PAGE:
The largest of the six lakes is the Big Spirit Lake. Another popular lake is West Lake Okoboji which has the clearest water.
Bring your fishing rod and head out onto the lake for a day fishing or take the kids sailing. If you want to go biking, walking, running, or even skiing (in winter, of course), head to the Iowa Great Lakes Trail.
12. National Czech & Slovak Museum
The museum was opened by a group of second and third-generation Czech and Slovak immigrants back in 1974. They showcase the culture and influence of Czech and Slovak customs in the area and celebrate their heritage as both Czechs and Americans.
You’ll see their traditional costumes, and learn about classic (and delicious) dishes like dumplings and goulash. The museum is especially great in December when they have a Christmas market. Did you know they celebrate Christmas on the night of Christmas Eve?
You can find the museum by the river in the Czech Village in Cedar Rapids.
11. Pikes Peak State Park
The park has incredible views of the Mississippi River and sights of the spot where it joins up with the Wisconsin River. There are lots of camping options in the park, and it’s just seven miles away from the Effigy Mounds National Monument.
If you fancy doing some walking you have options for short hikes, like the half-mile trail up to Bridal Veil Falls, or longer trails like the four mile hike to Point Ann where there are views of McGregor and the Mississippi River.
Make sure you go and explore the Bear Mound when you’re there; this traditional effigy was built during the Woodland Period by Native Americans.
10. Field of Dreams Movie Site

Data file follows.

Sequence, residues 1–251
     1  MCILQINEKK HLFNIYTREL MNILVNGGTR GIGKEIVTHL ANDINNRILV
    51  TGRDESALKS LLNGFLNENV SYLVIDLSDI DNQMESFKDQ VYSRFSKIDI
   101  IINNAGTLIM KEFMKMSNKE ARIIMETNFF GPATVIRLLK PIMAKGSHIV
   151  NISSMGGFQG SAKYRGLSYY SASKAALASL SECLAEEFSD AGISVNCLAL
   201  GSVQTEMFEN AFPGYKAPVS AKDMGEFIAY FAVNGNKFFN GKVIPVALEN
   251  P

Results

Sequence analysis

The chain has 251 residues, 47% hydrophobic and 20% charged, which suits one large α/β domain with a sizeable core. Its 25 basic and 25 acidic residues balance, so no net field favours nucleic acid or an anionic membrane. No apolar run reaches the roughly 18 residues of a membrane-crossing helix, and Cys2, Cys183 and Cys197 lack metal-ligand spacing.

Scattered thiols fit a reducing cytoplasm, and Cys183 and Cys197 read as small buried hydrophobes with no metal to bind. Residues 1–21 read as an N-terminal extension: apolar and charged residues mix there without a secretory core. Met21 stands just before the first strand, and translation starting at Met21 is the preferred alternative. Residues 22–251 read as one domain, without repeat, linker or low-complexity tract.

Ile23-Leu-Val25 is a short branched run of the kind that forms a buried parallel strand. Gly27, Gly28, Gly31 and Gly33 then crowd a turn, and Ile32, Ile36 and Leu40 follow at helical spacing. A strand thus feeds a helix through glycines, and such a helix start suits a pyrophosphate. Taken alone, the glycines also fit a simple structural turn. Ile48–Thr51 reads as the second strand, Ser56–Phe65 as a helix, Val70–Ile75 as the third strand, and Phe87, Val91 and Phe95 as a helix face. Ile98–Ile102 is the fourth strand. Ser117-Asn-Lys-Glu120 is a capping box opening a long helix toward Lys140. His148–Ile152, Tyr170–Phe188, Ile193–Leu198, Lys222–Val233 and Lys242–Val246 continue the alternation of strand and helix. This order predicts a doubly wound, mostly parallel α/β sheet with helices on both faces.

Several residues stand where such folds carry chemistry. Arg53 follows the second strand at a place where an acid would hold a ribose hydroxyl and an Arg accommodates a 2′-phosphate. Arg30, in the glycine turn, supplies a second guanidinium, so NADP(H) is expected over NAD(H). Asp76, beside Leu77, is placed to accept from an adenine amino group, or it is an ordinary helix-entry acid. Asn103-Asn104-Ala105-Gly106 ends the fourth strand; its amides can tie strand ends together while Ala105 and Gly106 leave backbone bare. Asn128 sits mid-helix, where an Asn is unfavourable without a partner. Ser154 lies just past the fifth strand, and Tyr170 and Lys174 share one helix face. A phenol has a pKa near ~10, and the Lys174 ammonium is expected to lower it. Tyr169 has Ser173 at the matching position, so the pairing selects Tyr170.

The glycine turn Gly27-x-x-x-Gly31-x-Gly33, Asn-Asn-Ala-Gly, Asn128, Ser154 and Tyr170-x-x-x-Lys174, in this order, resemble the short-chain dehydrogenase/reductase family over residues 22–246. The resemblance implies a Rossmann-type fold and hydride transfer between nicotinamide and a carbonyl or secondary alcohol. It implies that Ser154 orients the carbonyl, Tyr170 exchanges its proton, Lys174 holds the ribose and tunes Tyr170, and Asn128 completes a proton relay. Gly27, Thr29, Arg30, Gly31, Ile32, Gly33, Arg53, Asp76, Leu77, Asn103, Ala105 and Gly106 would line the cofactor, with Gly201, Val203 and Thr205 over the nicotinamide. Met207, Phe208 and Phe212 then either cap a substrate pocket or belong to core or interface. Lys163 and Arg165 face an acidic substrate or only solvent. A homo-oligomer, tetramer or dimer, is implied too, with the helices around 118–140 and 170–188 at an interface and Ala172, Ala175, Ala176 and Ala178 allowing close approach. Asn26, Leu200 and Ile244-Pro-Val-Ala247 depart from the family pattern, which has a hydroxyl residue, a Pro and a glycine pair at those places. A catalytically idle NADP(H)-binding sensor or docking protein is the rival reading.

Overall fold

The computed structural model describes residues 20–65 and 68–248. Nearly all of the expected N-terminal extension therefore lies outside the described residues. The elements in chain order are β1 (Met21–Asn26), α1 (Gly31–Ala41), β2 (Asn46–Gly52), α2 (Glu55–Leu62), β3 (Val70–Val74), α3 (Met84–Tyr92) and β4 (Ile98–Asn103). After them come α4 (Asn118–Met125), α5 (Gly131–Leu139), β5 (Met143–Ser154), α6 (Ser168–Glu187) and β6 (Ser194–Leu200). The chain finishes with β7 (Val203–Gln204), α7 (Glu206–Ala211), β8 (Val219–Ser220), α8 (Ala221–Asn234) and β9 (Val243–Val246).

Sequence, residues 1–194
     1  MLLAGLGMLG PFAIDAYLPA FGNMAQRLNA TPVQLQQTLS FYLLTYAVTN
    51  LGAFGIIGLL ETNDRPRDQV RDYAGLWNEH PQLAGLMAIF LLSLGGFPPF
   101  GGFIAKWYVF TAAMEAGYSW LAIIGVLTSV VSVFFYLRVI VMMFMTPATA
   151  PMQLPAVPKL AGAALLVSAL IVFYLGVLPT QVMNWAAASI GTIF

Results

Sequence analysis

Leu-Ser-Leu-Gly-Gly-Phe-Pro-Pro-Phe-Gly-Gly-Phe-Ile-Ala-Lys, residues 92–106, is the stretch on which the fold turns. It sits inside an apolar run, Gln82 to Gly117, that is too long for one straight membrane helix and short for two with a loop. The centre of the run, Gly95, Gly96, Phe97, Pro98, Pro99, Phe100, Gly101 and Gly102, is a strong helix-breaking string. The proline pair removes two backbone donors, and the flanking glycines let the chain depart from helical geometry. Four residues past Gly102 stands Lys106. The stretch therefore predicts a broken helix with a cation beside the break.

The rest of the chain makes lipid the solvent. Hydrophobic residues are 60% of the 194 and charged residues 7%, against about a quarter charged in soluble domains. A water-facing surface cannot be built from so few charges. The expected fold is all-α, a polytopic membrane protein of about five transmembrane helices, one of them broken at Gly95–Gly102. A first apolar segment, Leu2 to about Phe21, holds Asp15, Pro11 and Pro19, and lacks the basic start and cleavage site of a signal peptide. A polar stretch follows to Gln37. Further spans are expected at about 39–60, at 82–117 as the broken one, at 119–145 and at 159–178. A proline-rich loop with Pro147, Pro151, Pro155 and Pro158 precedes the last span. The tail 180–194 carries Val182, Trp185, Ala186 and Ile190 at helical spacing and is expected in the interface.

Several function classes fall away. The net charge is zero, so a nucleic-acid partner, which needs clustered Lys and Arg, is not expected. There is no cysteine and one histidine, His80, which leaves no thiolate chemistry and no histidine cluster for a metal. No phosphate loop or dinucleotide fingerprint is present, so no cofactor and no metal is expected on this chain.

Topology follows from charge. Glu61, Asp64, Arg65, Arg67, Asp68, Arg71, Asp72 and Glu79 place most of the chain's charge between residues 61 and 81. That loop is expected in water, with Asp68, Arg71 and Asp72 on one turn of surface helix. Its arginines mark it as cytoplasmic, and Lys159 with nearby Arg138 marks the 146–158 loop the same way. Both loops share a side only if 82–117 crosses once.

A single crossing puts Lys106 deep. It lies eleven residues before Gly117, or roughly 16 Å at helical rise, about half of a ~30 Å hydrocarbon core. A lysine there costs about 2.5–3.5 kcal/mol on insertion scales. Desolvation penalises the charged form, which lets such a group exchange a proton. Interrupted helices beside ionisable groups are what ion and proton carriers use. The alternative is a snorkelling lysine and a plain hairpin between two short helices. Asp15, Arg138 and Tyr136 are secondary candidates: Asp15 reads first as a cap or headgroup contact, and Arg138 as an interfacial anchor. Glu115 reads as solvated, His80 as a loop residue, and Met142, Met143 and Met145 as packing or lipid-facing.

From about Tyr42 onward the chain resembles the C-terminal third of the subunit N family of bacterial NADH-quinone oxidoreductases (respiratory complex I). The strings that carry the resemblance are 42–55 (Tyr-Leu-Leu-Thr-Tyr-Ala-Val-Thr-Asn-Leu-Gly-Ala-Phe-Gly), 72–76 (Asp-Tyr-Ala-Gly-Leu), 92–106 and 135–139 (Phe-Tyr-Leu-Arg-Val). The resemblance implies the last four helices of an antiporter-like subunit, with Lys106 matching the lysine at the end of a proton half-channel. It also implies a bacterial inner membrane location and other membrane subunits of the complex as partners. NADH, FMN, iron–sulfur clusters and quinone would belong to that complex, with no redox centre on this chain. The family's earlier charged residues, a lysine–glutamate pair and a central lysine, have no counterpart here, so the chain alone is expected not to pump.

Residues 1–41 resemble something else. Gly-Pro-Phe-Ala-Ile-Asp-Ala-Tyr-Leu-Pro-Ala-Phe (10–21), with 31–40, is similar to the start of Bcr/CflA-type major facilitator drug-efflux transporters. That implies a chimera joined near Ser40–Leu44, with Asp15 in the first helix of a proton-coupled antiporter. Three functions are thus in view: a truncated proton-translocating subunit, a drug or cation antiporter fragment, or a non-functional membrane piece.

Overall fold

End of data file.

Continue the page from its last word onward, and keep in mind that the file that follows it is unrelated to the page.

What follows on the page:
This is the site where the classic 1989 movie Field of Dreams was filmed. You’ll get to see the old family farmhouse where the Kinsella family lived and the famous baseball field.
There’s the option to take a tour of the house and find out about the Lasing family who lived there in the early 20th century too. And you won’t want to leave without a stop at the Field of Dreams inspired gift shop.
The site is located in rural Dyersville, just a 30 minute drive away from Dubuque.
9. Iowa State Fair
The Iowa State Fair is hosted annually in Des Moines. Agriculture, music, live entertainment, and industry come together and create this unique and laid back fair that is loved by locals and visitors alike.
There’s plenty to do, like spending some bucks at the Flea Market, having fun onboard the fair rides, or visiting the adorable animals at the Animal Learning Center. If you’ve come with little ones they can try out farming for a day at the Little Hands barn at the Farm exhibit.
In between events, eat a corn dog and enjoy a cold Budweiser in the sun. Don’t leave the fair without a visit to the life-size Butter Cow (yes, it is made of Iowa butter) in the Agriculture Building.
8. Blank Park Zoo
Zoos are a family favorite, and the Blank Park Zoo will be no exception. The zoo has more than 800 different species within its walls, from furry mammals to feathered friends from near and far.
You’ll get to meet ancient tortoises that can live for 100 years or more, rare Amur tigers, and little known animals like red pandas and red river hogs. The kids are sure to giggle at the comical penguins splashing around, and they’ll likely get a fright from the roaring African lions that are the kings of the zoo.
There’s enough to keep everyone busy for the afternoon, and if the weather is good, an ice cream is a perfect way to end the day. The zoo is along SW 9th Street in Des Moines, right by the Des Moines River.
7. Figge Art Museum
The history of Figge Art Museum in Davenport began in 1925 when 334 paintings were donated by Charles August Ficke. Since then their collection has continued to grow and diversify. They now have pieces that date back to the 15th century and span every century since.
Spend some time lost in your thoughts and contemplate the peculiar sculptures and bright oil paintings on display. This is the perfect place to come if you need a few peaceful hours.
There are pieces from around the globe, like Mexican colonial, Haitian, and Asian art. Compare the exhibits and reflect on how each culture’s customs and landscape shapes their artistic style and themes.
6. Greater Des Moines Botanical Center